It is a pleasure to take part in this important debate after receiving 50 representations to do so from constituents, including from pubs—The Red Lion in Hillmorton, and The Griffin in Kingsway. I want to talk about the impact on supply, as one or two Members have already done. I spent 30 years as a supplier to the catering trade. In that regard, I draw the House’s attention to my entry in the Register of Members’ Financial Interests.
We often appreciate things when they are not there, and we are missing our pubs, cafés and restaurants right now. When they are not operating, it has a significant effect on the suppliers to the sector. Although I welcome the support that the Chancellor has spoken about—he referred to £4.5 billion today—many of the suppliers are not receiving the same level of support as the trading companies. During the pandemic, we have seen food purchases transferred from out-of-home to in-home consumption, and the beneficiaries have been supermarkets, which have done well out of the restrictions. Most have reported higher sales. For example, Tesco sales were up 11% over the Christmas period.
It is often assumed by many that suppliers and food manufacturers are able to switch production and pivot to supplying retail, but catering and retail products are very different, and as a consequence those businesses are losing out. We have heard about the switching on and off of hospitality, which has led to a great deal of stock being wasted. The food supplier, Creed Foodservice, spoke at the weekend about £6,000 of milk going out of date because of the decision to close schools. It says that it has written off £150,000-worth of food since April.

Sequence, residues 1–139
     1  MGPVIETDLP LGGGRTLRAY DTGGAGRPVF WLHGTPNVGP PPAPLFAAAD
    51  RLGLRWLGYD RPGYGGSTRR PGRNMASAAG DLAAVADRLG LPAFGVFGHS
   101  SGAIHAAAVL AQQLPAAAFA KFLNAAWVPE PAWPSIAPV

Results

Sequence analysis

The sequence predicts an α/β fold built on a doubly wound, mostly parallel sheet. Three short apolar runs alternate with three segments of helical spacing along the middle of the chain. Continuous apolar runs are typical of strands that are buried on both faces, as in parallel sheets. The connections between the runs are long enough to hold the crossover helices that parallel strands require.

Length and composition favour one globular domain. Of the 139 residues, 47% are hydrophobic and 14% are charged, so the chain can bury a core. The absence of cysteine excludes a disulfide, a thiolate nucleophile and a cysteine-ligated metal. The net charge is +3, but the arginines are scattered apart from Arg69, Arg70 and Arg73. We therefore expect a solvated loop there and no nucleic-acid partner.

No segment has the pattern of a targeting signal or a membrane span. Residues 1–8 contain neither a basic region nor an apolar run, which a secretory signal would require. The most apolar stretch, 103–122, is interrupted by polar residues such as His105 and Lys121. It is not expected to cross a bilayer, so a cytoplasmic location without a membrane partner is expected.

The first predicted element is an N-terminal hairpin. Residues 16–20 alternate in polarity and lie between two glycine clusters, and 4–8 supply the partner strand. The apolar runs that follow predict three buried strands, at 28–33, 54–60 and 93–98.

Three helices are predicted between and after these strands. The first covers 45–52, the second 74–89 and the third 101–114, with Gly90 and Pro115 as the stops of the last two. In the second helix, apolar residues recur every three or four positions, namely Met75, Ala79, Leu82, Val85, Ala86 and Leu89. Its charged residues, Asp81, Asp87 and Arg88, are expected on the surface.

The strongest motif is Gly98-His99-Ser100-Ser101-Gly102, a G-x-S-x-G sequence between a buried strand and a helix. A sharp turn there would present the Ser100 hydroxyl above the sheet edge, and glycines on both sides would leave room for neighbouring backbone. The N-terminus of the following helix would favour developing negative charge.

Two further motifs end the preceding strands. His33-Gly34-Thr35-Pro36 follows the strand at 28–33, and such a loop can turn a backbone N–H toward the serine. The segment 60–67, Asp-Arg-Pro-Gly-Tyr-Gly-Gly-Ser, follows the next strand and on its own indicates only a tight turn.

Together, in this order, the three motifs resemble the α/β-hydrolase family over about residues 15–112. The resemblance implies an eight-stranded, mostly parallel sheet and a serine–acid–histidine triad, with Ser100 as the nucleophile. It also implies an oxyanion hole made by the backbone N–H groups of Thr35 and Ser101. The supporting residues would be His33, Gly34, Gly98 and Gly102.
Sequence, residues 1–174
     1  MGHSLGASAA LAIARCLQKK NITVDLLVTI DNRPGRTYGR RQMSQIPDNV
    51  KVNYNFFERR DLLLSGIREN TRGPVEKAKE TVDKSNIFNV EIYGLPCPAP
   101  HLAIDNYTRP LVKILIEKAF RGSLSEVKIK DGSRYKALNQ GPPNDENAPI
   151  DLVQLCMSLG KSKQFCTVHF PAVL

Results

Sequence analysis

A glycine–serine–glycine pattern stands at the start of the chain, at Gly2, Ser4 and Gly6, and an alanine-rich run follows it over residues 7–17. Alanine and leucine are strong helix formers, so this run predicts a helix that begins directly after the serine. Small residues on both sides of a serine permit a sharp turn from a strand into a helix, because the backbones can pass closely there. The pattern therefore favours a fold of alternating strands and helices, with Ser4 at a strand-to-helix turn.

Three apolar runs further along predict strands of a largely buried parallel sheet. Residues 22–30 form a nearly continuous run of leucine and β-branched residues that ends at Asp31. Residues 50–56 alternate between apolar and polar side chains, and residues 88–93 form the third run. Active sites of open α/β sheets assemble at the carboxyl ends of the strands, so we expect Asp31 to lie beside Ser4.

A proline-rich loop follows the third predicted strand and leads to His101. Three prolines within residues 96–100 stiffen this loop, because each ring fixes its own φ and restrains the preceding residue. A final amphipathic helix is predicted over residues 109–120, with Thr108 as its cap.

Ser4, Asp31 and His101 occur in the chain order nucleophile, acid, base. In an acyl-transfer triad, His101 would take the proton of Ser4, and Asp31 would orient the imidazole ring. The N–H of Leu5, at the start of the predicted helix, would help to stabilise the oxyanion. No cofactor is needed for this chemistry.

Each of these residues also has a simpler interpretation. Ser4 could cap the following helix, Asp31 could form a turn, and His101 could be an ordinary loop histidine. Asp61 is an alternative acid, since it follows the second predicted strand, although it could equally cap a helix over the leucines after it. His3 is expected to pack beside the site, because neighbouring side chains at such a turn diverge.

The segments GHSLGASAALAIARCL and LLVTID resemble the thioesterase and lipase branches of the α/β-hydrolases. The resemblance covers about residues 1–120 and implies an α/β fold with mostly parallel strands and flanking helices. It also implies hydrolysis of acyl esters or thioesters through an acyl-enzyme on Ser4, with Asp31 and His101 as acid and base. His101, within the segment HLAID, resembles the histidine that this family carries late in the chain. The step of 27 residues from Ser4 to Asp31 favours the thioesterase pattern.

The business I ran supplied tableware items—things such as paper napkins, table covers and Christmas crackers. I have to say that an awful lot of the crackers that were bought for Christmas in 2020 were not pulled. Now, they can be held in stock and used for another year, but of course that involves tying up capital and taking up warehouse space, which are costs to those businesses.
Food service businesses continue to pay bills such as rent, electricity for chillers and loan payments for vehicles that are often standing idle. Wholesale distributors are usually high-volume, low-margin businesses, and the fixed costs mean that a relatively small fall in sales has a disproportionate impact on profitability. Too long a period without profit will cause many suppliers to fail.
In addition, the catering trade—restaurants and pubs—often use the cash sales generated in the current period to pay for goods received in the previous period when they were trading. That has led to many suppliers becoming banks and funding their customers. There is very little action that those suppliers can take if the hospitality businesses do not have the cash to pay them. I hope that the Minister in his response will show his appreciation for the supply chain, as well as for valued hospitality businesses.